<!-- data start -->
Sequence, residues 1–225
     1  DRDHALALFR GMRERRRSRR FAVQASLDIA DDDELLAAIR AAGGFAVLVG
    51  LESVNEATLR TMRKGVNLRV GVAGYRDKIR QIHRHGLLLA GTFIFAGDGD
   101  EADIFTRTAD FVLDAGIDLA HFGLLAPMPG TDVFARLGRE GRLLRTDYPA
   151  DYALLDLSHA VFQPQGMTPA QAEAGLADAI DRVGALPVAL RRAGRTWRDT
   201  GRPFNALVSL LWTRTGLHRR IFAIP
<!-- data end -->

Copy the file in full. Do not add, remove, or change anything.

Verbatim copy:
Sequence, residues 1–225
     1  DRDHALALFR GMRERRRSRR FAVQASLDIA DDDELLAAIR AAGGFAVLVG
    51  LESVNEATLR TMRKGVNLRV GVAGYRDKIR QIHRHGLLLA GTFIFAGDGD
   101  EADIFTRTAD FVLDAGIDLA HFGLLAPMPG TDVFARLGRE GRLLRTDYPA
   151  DYALLDLSHA VFQPQGMTPA QAEAGLADAI DRVGALPVAL RRAGRTWRDT
   201  GRPFNALVSL LWTRTGLHRR IFAIP